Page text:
Navy Yard

Harlem middle school students visit Brooklyn Navy Yard to work with nonprofit

May 19, 2016 Brooklyn Daily Eagle
Students from Harlem visited nonprofit Refoundry at the Brooklyn Navy Yard. Photo courtesy of Refoundry

On Wednesday, about 30 middle school students from St. Hope Leadership Academy in Harlem trekked to the Brooklyn Navy Yard to visit Refoundry, a new nonprofit that trains formerly incarcerated people to repurpose discarded materials into home furnishings, and incubates participants into their own businesses.  

The students went in order to reconnect with the Refoundry participants who came to visit their school several weeks before, and to see the drill press and band saw they donated to Refoundry.  

Each month, students from St. Hope select an organization through which to learn about social, environmental and others issues that affect their community, as well as how to work toward solutions.  As part of their engagement, they raise money to help support these organizations’ work.  

At Refoundry, students split up by grade to visit different parts of Refoudry’s workshop, where participants spoke about the pieces they make, how Refoundry is helping them achieve their goals and the sometimes hard life lessons they’ve learned.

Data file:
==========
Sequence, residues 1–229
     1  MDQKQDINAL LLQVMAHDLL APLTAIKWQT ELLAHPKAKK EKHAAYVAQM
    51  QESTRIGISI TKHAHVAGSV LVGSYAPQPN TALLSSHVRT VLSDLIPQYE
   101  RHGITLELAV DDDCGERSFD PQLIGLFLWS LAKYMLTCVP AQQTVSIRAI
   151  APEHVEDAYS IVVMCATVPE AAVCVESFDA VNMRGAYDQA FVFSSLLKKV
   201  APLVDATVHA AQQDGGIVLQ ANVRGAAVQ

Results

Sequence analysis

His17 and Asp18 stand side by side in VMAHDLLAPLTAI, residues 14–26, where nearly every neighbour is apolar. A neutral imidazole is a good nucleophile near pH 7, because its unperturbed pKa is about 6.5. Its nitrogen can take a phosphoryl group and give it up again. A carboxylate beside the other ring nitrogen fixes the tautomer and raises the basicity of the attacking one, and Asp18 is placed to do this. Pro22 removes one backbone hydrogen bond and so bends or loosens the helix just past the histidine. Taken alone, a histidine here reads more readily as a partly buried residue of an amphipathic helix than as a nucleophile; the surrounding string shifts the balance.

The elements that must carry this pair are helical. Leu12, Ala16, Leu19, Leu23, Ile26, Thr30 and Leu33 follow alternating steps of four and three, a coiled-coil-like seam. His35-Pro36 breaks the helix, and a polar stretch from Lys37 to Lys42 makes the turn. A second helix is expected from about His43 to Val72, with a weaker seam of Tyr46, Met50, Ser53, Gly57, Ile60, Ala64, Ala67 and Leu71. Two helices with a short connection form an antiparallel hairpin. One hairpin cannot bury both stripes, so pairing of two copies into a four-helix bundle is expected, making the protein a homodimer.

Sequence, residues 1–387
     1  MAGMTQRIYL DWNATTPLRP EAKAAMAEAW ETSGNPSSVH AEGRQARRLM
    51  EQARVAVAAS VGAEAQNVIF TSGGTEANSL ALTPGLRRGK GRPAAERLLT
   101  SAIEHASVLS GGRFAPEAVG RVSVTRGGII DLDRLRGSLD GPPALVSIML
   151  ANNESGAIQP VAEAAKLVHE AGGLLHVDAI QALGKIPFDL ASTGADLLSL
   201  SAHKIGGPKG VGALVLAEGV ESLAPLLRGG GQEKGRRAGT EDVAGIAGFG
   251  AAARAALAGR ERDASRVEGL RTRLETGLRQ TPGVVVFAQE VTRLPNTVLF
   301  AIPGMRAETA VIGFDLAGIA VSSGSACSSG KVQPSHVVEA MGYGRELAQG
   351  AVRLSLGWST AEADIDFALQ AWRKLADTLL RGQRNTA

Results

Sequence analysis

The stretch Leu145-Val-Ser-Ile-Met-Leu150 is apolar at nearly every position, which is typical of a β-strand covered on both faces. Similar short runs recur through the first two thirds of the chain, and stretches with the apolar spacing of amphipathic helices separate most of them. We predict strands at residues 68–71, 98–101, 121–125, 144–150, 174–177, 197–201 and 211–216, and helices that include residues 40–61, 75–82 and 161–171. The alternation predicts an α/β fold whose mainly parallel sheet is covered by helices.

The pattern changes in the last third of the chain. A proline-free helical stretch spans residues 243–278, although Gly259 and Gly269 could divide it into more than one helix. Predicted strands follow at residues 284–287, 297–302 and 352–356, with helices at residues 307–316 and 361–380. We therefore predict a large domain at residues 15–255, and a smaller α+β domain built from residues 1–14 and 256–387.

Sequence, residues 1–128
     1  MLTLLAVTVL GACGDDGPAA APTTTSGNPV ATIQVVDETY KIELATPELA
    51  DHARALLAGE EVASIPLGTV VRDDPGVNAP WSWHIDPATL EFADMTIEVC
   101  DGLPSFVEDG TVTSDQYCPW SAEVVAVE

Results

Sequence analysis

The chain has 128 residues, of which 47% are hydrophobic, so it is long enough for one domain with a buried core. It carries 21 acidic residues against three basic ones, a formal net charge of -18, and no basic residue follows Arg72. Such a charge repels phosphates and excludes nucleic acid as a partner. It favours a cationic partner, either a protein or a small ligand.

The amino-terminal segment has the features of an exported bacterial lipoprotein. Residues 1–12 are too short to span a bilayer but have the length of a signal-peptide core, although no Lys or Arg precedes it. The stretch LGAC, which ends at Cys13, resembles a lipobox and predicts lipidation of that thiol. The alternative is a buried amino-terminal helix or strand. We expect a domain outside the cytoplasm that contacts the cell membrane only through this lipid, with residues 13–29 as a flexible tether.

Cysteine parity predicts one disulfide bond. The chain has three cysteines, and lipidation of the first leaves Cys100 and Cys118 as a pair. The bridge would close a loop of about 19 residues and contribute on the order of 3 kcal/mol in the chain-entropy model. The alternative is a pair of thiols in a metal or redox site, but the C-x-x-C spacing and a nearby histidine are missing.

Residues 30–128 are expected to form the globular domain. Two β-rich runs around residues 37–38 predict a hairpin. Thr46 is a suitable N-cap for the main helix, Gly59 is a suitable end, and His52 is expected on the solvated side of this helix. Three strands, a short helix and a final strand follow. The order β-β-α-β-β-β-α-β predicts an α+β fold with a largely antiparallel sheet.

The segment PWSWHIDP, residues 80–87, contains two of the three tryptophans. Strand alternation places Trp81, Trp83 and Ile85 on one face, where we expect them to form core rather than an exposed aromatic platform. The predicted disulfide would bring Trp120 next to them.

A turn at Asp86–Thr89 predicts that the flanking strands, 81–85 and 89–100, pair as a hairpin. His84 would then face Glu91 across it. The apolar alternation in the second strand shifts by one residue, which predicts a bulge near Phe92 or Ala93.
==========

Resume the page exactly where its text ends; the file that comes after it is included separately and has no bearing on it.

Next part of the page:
Eugene Manigo, 64, spoke to the students about the mistakes he made as a young man that led to him spending 30 years in prison.  “I did terrible things to myself, and to other people,” Manigo told his audience, “because I didn’t think there was another path for me.  But I was wrong.  Find inside yourself the thing you want to be — a nurse, a carpenter, a teacher — and work towards that goal.  If you’re true to yourself, you can be whatever you set your mind to be.”

Participant James Eleby Jr., 47, shared a favorite saying with the students: “People who judge you don’t matter, and people who matter don’t judge you.”  

The students participated in Refoundry’s Hand-in-Hand Project. Participants painted each student’s hand and “printed” them on pieces of recycled wood.  The students donated their handprints to a community-wide public art project Refoundry is organizing, but got to take home a smaller piece of recycled wood that they could decorate with their fingerprint.  

Stephanie Fernandez, a teacher at St. Hope who advises the students on organizations to select and on the students’ fundraising efforts, said the trip was a great experience.  “We look forward to coming back to visit Refoundry next year.”